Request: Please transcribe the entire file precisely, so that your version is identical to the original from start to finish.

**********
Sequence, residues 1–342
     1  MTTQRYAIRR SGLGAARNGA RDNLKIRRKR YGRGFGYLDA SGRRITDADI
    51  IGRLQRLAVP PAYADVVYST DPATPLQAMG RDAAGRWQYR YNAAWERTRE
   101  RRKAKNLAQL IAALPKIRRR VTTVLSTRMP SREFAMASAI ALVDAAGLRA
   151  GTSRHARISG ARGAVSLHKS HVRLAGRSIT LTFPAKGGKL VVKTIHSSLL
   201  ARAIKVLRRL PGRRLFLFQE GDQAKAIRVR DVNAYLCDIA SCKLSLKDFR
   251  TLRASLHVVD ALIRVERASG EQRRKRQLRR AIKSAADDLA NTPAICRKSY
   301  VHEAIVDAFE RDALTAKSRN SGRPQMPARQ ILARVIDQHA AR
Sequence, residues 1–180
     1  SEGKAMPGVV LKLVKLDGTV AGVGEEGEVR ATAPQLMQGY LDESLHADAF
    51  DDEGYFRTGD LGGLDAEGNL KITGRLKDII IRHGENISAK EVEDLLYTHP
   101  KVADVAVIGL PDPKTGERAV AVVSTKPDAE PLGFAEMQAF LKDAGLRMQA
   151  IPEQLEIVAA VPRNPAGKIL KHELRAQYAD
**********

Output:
Sequence, residues 1–342
     1  MTTQRYAIRR SGLGAARNGA RDNLKIRRKR YGRGFGYLDA SGRRITDADI
    51  IGRLQRLAVP PAYADVVYST DPATPLQAMG RDAAGRWQYR YNAAWERTRE
   101  RRKAKNLAQL IAALPKIRRR VTTVLSTRMP SREFAMASAI ALVDAAGLRA
   151  GTSRHARISG ARGAVSLHKS HVRLAGRSIT LTFPAKGGKL VVKTIHSSLL
   201  ARAIKVLRRL PGRRLFLFQE GDQAKAIRVR DVNAYLCDIA SCKLSLKDFR
   251  TLRASLHVVD ALIRVERASG EQRRKRQLRR AIKSAADDLA NTPAICRKSY
   301  VHEAIVDAFE RDALTAKSRN SGRPQMPARQ ILARVIDQHA AR
Sequence, residues 1–180
     1  SEGKAMPGVV LKLVKLDGTV AGVGEEGEVR ATAPQLMQGY LDESLHADAF
    51  DDEGYFRTGD LGGLDAEGNL KITGRLKDII IRHGENISAK EVEDLLYTHP
   101  KVADVAVIGL PDPKTGERAV AVVSTKPDAE PLGFAEMQAF LKDAGLRMQA
   151  IPEQLEIVAA VPRNPAGKIL KHELRAQYAD